Wednesday, July 10, 2013
I Used to Know So Much
I used to think I knew something about "those moms".
I aced my degree in Psychology (back when I was 20 and the biggest decision of my day was Burrito Supreme or Nachos Supreme on the nightly fast food run.) I memorized all the theories and they sounded good to me. I charmed and smarted my way through my first "real job" interview and landed a position as a social worker for The Department of Children and Family Services.
I visited homes where I had been warned not to sit on the furniture, but sat down anyway. I told desperate parents with fractured lives what they needed to do to keep their children in their homes. I carried a lot of mixed feelings around with me, but didn't bother doing the taxing work of sorting them out. At the end of the day, I drove to my parents' house, slept in my childhood bedroom, clocked my hours and counted the days until my wedding. When it finally rolled around, I never looked back.
But "those moms", they were still out there. I heard about them on the news. I was vaguely aware of them, just like I was aware of racism, poverty, and drug addiction. The glass was wavy and the font very small, but oh, I knew all about them.
I knew their priorities were dead wrong. I knew they'd probably gotten knocked up, by the wrong kind of dude. I knew they were stuck in a pattern, yes, but I believed they inherently knew a way out and simply chose to walk backwards. They were selfish. Lazy. On drugs. They just didn't know. They didn't care enough, didn't try at all. They let themselves off the hook at the expense of their children.
I'd heard about the ways a child would cry for the mama who had abused her or neglected him. I didn't doubt it, but it seemed like a trick, a glitch in our human wiring. Because of course those kids deserved better. They would adapt soon enough. They would forget, before long. They just needed to trust the system that was designed to protect them.
I knew almost everything. But none of it mattered until the day I drove a brand new friend to her supervised visit.
Her hair was shiny, her part as straight as a rail. She tapped her foot and chatted nervously about things that didn't matter, doing all she could to reassure herself that it would be okay, this misunderstanding would lose its steam.
She just wanted to see her babies.
I dropped her off at the door and waited in my van while the sun burned a hole in my heart and I tried not to think about all the days I had judged "that mom", daring to believe I knew anything at all about her or her life or the circumstances that crossed our paths.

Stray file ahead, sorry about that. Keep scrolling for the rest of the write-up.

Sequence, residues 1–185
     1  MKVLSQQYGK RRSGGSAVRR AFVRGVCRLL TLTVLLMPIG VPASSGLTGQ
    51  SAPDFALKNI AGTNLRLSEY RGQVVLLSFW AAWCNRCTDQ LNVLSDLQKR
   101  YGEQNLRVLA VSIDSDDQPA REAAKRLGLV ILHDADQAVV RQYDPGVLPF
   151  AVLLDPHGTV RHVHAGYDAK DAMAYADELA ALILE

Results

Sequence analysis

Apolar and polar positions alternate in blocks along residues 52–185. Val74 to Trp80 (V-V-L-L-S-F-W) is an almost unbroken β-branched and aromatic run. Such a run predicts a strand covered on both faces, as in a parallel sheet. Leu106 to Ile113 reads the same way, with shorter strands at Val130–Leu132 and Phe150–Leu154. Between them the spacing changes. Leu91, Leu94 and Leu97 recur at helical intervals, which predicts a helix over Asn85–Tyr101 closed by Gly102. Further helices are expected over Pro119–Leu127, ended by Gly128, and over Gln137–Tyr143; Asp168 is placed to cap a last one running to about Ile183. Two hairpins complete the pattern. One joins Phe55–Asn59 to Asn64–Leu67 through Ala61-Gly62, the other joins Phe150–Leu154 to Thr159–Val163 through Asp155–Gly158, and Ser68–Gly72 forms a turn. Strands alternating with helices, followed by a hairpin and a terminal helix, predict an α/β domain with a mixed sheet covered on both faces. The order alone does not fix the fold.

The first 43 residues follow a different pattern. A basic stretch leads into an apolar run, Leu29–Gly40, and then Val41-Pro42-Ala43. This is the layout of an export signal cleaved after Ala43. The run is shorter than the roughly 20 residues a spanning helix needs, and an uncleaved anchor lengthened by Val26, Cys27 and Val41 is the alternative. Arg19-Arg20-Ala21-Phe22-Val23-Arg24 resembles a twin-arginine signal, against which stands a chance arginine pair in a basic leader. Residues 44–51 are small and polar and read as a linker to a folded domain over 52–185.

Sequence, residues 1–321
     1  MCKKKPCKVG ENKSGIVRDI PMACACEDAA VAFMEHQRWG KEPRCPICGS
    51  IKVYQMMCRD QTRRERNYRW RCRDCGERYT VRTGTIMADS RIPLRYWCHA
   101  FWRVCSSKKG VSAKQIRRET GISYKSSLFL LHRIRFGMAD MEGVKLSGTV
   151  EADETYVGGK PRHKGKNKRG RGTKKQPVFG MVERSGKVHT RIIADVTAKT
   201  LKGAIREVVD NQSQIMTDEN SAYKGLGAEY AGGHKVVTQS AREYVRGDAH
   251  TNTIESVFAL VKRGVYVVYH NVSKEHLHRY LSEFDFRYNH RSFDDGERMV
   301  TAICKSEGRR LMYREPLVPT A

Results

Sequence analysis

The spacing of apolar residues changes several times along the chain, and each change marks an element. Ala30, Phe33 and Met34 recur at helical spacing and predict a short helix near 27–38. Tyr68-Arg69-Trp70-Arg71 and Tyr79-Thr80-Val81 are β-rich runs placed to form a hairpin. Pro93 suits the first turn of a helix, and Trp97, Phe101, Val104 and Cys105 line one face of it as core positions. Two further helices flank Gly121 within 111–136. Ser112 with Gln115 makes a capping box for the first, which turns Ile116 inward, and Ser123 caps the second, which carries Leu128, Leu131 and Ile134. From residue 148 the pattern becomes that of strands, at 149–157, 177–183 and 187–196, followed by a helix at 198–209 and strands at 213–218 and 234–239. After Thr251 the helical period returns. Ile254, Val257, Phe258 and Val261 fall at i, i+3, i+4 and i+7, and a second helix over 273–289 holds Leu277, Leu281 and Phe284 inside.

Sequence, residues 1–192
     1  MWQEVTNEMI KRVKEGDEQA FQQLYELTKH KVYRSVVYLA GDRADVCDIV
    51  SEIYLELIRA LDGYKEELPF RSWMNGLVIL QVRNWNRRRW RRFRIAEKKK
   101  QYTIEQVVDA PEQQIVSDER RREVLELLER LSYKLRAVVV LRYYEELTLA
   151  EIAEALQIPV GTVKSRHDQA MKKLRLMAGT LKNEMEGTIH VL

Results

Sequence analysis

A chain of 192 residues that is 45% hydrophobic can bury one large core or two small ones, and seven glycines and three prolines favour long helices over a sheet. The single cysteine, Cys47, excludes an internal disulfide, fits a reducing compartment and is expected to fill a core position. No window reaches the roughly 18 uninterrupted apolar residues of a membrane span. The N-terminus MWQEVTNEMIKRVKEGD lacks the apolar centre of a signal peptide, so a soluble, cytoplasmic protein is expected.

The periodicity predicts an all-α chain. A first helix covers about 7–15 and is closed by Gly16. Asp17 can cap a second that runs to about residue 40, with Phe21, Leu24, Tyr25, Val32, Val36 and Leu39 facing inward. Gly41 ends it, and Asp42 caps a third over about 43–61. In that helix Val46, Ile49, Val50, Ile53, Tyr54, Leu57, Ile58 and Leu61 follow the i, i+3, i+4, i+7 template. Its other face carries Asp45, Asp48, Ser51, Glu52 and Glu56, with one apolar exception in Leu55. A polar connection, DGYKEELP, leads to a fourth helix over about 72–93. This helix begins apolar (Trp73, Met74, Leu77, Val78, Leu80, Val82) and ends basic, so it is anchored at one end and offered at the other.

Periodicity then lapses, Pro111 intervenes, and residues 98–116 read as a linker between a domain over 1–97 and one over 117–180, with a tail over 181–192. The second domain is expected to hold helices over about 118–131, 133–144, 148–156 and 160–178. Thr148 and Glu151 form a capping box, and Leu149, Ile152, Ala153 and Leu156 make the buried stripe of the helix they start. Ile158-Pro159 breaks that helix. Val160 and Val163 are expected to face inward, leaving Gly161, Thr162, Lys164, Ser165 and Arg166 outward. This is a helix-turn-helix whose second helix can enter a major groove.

My thoughts were weighty and the words on the pages of my book desaturated, then floated away. So I just waited.
She walked back outside, squinting up at July, her smile locked in place. Her son hung on her, clung to her, wouldn't let go. He screamed and wailed while she kept a brave face and promised him and his sister they were safe. She would be back soon. They would be together again so super soon, so say your prayers, talk to God, he's right there listening and my love won't ever leave you, not even for a second.
Somehow, her legs carried her to my passenger seat and only then did she crumble, while the red sedan rolled past, her four-year old's fist banging the glass.
That was one year ago, and things have only gotten uglier.
That was one year ago, and those kids are on their third placement while their mama, endearingly flawed and beautifully human, loses steam.
The rose coloring has faded and the frames are cracked. It's hard to keep on hoping.
I think back to the first time I met them, how I drove home and told Cory that they were so well cared for, so bright and respectful. I told him what a great Mom she was and that I wanted to get to know them better.
This wasn't what I had in mind and my brain chews itself up thinking about the ways this will change them.
All I know is that sometimes the system does exactly what it should, and sometimes it does the opposite.
All I know is that she was imperfect, but she was their world, and they were hers.
All I know is that my choices and decisions are framed in a different galaxy than hers. I can't being to compare the two.
All I know is that there's a story behind every child and every parent in the system. My judgment does nothing but cloud the already-murky water.
All I know is that she needs support. She needs love. She needs someone to give a rip, someone to remind her to keep trying when it feels like a long-gone cause.
That's all I know.
I don't know anything else.